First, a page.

AWWA Rate Survey Experts Warn Against FWW Rate Comparison Practices - Truth from the Tap

TFTT Report

AWWA Rate Survey Experts Warn Against FWW Rate Comparison Practices

Earlier this year, the California-Nevada Section of the American Water Works Association (AWWA) released the 2015 edition of their annual water and wastewater rate survey. The survey is a powerful tool that provides insights into pricing practices by utilities across California and Nevada.

As is typical with rate survey reports, the authors of the analysis explicitly caution those who might misinterpret or misuse the data. The authors state in the report forward:

“Drawing conclusions from rate comparisons, however, should be done only after evaluating several community characteristics (such as geography, climate, and service area, as well as the use of taxes, subsidies and grants). The determinants of utility rates are varied and complex and do not necessarily reflect the true cost of service. A low rate or a high rate does not necessarily mean that a utility is more or less efficient, respectively. As a result, the survey findings alone should not be used to judge the performance of any individual utility or to generalize about all water-sector utilities.”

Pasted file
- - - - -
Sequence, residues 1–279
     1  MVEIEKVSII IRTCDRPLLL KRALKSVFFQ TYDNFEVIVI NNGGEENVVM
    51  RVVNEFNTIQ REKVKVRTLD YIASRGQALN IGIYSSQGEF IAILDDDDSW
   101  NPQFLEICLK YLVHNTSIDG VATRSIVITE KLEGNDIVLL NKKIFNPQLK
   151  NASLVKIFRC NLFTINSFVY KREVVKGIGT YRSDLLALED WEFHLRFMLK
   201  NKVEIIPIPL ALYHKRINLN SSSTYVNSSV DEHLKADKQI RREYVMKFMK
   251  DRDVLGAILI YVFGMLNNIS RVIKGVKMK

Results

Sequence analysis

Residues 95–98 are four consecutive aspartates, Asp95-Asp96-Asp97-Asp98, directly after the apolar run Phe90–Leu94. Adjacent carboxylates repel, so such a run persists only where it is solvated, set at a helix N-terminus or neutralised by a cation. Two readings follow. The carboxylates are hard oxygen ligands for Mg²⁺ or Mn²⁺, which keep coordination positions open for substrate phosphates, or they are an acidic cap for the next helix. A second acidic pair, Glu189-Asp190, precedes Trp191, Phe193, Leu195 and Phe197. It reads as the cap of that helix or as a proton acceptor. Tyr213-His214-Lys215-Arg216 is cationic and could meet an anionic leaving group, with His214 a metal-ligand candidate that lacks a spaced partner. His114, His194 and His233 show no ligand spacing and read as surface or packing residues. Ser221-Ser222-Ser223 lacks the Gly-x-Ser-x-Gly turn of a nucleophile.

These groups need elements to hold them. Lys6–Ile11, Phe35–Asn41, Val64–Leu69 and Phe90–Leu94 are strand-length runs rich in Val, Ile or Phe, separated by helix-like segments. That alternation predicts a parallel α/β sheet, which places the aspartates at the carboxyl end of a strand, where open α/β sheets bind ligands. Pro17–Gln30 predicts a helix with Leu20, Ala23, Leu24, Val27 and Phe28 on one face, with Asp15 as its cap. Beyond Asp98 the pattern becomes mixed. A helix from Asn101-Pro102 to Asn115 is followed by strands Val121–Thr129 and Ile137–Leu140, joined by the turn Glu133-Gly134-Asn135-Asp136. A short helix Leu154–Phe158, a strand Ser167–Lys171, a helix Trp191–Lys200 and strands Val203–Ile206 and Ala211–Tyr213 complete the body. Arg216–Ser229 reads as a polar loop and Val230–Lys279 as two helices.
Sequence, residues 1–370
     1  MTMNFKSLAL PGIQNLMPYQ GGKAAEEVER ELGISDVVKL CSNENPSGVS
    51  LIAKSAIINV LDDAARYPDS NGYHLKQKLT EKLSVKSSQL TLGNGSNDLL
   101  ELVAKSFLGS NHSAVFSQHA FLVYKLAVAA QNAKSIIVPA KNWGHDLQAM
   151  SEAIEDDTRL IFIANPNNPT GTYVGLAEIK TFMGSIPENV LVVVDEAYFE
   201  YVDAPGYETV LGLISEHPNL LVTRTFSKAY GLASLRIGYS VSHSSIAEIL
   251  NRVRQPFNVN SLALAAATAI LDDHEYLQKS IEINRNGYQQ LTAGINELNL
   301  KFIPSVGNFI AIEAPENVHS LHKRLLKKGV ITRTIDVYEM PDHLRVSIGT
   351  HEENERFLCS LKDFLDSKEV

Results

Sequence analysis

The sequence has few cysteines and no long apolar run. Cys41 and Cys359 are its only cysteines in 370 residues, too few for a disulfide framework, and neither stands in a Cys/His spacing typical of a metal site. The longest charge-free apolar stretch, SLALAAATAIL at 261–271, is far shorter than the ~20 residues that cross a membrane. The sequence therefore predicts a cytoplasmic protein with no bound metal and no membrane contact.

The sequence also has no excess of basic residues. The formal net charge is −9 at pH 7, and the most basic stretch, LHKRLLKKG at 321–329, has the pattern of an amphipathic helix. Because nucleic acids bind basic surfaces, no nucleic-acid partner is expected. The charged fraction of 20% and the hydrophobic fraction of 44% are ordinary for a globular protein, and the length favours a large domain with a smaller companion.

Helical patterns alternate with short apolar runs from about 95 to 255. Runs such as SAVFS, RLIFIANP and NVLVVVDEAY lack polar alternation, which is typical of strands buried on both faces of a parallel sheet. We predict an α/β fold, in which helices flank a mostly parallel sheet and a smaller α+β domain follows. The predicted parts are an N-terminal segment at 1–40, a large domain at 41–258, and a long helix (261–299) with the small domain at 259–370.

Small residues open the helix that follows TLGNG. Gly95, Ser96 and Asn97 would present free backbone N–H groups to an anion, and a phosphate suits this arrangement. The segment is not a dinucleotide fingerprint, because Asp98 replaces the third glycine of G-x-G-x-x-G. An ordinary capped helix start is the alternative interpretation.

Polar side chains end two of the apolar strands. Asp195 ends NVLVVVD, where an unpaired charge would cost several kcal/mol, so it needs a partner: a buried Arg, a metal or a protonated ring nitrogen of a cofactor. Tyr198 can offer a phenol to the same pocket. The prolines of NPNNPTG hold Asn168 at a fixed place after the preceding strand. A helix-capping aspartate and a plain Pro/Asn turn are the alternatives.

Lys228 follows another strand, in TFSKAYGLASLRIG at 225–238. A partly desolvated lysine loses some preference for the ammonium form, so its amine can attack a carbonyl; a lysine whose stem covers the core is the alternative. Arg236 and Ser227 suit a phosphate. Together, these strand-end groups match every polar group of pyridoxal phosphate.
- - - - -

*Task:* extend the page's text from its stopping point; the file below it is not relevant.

— 2015 California-Nevada AWWA Water and Wastewater Rate Survey

This is a very important point – there are dozens of factors that influence water rates, including investment levels, water source, geography and water treatment needs. Because there are so many cost factors specific to each service area (even within the same region), it is impossible to make an apples-to-apples comparison of rates between systems.

Despite our efforts, activist groups like Food & Water Watch (FWW) continue to ignore these warnings from experts and abuse rate survey data in their misleading reports. In fact, when writing reports on erroneous rate comparisons, FWW often cites the experts who warn against such rate comparisons! As we pointed out following the release of FWW’s “The State of Public Water in the United States” report in February of this year, “Citing experts that openly undercut the fundamental basis of your report is not the sign of a sound analysis.”

Utility costs and rates are important topics that shouldn’t be oversimplified. Experts agree that rate comparisons are misleading and foolish. Hopefully Food & Water Watch gets the message soon.


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